We first met him on Valentines Day at what turned out to be some sort of traditional Sea Gypsy show and Farang dance party (Farang is Thai for Whitie) at Bo Daeng, a couple of bungalows down the beach. He sat down with us and proceeded to conscientiously roll a joint, which, as it turns out, is his main occupation here on Ko Jum––rolling and smoking joints. He is not a man of many words, which we think is not due to a language barrier, a significant barrier to be sure, but more that his vocabulary is mostly made up of grunts and moans.

We showed him Caligula, the massive beetle that decided to join us for our card game, and he told us that the bug was nothing. He likes bugs. He likes snakes. He likes to pet them. In fact he handles cobras sometimes. When we asked him if he fished, with a long guttural mmmmmmm (the kind your mama warned you about) he shook his head no. No, he did Judo. If we told him we had just killed a bull with our bare hands, he would no doubt mention that he killed bull once, as a very small boy, but no more. Only women and children kill bulls with their bare hands in Greece, the men are too busy wrestling tigers or something equally as impressive.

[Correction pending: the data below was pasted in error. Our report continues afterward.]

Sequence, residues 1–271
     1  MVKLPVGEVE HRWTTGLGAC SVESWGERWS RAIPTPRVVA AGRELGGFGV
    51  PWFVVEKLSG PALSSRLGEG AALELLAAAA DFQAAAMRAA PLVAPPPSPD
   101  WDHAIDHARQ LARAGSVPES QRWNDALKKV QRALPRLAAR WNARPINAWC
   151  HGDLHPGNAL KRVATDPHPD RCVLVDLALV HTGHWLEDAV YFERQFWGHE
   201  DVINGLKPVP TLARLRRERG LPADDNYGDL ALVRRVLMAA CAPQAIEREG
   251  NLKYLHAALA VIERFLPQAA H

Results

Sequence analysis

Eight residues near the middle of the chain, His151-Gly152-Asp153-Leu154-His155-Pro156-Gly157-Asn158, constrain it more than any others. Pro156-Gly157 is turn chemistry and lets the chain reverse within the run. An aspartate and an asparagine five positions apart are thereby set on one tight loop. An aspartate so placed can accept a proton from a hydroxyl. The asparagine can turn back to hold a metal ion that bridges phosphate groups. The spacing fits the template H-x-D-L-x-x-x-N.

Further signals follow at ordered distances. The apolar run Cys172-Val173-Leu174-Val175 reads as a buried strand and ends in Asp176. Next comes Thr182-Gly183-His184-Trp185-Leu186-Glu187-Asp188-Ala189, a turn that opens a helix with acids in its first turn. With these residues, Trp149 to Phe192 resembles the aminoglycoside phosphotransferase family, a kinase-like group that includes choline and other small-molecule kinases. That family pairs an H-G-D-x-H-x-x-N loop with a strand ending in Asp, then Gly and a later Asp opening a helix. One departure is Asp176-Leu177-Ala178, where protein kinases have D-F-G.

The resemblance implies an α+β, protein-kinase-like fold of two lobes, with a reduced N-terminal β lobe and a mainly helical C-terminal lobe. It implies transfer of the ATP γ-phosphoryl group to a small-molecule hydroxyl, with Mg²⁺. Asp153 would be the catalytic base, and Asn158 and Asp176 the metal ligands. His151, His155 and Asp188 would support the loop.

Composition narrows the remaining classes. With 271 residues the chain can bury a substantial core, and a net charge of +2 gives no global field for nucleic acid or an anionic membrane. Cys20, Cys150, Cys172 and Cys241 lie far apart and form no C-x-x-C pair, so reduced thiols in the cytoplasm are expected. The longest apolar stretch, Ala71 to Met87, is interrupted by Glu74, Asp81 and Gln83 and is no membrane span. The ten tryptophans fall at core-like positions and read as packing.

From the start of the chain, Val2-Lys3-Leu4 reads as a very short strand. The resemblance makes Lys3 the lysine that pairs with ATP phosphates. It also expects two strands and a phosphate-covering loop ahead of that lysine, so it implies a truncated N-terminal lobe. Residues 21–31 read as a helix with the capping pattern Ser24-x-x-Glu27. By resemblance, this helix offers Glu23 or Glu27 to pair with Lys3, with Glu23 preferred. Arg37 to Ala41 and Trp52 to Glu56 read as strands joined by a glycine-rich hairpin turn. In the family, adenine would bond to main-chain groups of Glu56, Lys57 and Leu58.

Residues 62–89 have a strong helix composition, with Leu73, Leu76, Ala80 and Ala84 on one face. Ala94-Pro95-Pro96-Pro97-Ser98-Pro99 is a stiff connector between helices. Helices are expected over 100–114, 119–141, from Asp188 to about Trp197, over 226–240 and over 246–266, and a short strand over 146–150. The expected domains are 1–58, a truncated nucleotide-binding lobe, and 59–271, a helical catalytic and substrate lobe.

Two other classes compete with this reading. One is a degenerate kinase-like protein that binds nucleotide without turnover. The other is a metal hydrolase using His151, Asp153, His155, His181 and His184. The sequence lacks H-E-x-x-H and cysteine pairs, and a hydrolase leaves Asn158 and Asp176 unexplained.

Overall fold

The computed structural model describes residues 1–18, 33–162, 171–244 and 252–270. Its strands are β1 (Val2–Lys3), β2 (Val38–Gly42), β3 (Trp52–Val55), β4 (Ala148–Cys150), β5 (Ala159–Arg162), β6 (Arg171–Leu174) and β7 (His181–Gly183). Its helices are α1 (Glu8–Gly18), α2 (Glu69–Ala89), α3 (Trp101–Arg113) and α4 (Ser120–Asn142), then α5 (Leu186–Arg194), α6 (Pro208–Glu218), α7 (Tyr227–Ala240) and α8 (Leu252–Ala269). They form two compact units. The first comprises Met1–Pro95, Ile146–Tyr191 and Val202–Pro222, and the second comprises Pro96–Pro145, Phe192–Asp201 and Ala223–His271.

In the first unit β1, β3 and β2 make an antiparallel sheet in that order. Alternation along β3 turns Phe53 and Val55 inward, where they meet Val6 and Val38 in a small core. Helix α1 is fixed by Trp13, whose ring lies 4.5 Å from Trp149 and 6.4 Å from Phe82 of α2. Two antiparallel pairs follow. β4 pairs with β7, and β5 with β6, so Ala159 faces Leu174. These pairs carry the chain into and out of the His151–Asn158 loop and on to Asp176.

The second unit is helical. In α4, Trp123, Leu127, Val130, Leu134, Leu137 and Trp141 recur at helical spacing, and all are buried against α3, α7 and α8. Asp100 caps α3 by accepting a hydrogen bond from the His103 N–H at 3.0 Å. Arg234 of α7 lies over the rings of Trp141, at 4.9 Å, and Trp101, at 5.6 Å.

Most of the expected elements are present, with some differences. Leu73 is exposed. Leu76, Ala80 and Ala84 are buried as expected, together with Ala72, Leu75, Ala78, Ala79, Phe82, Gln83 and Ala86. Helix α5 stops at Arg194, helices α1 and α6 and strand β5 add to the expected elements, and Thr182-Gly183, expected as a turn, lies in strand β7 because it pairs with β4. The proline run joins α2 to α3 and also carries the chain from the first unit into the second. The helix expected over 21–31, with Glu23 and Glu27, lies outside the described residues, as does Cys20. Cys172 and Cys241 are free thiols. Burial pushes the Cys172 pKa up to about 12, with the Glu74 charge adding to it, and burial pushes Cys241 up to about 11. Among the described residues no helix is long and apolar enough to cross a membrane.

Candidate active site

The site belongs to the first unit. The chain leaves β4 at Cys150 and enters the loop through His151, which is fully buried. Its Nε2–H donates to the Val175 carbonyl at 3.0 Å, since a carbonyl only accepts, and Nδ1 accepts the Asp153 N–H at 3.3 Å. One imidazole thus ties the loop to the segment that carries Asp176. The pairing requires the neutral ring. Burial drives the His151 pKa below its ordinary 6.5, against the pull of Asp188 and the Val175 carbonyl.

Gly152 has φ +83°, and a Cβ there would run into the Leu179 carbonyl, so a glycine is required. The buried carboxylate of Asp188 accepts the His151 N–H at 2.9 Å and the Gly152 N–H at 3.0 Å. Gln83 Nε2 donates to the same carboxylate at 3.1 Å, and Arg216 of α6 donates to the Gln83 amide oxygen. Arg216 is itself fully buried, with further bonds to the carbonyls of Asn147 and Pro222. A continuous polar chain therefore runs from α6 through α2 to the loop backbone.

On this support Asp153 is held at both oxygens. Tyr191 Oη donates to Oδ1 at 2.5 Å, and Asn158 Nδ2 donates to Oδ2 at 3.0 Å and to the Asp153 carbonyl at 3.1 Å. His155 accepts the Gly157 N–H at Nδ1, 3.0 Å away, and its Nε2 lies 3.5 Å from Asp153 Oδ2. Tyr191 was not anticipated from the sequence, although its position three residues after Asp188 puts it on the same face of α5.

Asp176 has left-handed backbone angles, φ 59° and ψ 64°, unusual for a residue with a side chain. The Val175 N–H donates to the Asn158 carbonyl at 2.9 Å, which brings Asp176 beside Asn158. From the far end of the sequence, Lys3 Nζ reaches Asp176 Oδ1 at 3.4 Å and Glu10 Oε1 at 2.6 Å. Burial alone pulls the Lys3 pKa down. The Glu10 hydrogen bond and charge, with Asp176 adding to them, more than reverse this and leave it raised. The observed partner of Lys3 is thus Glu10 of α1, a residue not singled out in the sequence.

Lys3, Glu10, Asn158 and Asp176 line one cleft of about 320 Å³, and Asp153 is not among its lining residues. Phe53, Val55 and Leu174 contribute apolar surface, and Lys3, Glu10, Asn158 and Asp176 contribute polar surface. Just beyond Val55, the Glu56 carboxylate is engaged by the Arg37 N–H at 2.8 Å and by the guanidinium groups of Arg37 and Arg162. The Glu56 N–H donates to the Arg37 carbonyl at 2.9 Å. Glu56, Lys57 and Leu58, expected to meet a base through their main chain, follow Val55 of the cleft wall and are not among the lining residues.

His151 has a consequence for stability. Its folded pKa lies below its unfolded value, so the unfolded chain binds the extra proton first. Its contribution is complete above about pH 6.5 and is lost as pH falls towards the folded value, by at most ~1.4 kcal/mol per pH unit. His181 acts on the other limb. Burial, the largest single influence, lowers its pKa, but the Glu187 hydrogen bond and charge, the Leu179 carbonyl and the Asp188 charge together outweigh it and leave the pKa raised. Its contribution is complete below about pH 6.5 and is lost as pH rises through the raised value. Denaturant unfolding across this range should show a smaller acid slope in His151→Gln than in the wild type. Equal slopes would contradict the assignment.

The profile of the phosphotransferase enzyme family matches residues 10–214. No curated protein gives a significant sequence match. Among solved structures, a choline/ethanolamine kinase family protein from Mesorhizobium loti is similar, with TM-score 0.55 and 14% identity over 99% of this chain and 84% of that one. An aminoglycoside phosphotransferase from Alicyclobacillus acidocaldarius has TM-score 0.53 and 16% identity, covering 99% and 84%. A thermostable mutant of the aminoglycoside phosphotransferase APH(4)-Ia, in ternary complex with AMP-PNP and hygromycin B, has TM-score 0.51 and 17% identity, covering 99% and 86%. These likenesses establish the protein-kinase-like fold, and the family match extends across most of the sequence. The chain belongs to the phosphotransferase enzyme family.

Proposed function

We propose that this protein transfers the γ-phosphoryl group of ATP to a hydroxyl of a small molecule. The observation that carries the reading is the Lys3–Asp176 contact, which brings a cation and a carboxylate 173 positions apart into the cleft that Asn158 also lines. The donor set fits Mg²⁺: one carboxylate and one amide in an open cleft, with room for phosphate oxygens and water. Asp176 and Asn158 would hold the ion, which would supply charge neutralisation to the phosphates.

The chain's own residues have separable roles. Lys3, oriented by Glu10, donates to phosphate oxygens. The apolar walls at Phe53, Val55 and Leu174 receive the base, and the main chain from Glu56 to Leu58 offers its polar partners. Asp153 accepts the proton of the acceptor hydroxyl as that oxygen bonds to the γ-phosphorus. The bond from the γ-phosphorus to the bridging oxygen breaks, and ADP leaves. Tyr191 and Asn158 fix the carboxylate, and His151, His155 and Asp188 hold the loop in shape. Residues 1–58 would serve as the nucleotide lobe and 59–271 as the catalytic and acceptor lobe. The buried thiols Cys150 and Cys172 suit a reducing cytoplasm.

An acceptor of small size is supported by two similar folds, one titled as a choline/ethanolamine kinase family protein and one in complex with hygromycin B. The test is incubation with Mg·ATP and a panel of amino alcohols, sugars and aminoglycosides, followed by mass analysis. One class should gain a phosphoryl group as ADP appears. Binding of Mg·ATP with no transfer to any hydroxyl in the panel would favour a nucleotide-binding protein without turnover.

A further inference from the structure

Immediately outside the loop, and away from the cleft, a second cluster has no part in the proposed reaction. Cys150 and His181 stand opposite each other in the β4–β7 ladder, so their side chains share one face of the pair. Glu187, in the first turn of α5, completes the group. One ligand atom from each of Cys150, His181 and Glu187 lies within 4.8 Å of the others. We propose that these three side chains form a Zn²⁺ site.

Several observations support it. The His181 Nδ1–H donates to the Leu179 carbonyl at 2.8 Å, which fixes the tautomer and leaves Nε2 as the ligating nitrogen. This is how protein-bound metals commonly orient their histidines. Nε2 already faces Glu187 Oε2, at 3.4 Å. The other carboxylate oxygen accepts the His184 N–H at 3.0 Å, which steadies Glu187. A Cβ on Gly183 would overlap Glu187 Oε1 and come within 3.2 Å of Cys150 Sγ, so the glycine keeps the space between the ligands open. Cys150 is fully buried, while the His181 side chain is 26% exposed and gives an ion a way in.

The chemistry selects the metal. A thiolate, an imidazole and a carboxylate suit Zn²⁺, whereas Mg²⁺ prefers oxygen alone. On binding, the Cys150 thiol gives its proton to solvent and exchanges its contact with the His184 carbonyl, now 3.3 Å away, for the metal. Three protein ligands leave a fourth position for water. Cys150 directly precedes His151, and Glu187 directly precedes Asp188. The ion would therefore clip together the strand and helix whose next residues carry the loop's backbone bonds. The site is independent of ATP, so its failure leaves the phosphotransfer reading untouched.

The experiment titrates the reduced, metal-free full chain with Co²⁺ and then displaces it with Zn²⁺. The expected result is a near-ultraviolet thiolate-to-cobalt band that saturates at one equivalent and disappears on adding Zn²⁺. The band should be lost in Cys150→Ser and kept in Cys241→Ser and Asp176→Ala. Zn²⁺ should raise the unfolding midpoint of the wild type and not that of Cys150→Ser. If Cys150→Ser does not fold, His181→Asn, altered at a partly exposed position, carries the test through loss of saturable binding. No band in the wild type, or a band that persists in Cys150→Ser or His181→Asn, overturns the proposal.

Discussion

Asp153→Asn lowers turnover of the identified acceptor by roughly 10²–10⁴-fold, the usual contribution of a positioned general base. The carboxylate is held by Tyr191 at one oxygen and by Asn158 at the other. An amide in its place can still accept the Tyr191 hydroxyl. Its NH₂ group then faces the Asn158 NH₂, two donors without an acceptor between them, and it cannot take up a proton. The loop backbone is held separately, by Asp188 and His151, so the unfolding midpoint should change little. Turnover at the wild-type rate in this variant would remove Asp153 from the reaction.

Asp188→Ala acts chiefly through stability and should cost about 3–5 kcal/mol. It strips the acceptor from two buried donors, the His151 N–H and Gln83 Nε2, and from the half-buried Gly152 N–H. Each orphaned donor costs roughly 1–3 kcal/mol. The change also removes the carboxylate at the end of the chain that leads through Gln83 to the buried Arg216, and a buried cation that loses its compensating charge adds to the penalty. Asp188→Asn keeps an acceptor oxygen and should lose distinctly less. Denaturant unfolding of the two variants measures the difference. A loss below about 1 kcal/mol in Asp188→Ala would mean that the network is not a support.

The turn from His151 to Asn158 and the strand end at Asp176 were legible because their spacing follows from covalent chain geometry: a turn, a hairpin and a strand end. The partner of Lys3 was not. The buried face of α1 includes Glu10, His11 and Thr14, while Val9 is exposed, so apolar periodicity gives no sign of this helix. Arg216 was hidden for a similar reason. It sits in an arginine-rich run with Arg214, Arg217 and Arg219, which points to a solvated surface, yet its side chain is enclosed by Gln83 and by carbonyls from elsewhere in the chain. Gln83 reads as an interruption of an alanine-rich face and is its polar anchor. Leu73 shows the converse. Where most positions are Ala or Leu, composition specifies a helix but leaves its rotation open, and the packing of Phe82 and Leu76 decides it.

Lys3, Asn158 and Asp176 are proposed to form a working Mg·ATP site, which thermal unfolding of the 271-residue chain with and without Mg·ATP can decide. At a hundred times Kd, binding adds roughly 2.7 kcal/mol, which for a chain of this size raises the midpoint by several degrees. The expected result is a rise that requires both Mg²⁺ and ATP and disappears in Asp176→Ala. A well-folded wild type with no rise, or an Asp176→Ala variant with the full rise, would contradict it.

When we came to Thailand a few years ago, we discovered fairly early on that if you show any interest in something, a pair of earrings, a hammock, the guy that does henna tattoos on the beach, it was yours. You bought it, or eventually would. We called it “cupping.” So if the lady comes down the beach selling earrings, and if they somehow ended up in your hand, either because you put them there or she did, that was it. You cupped it. You bought it.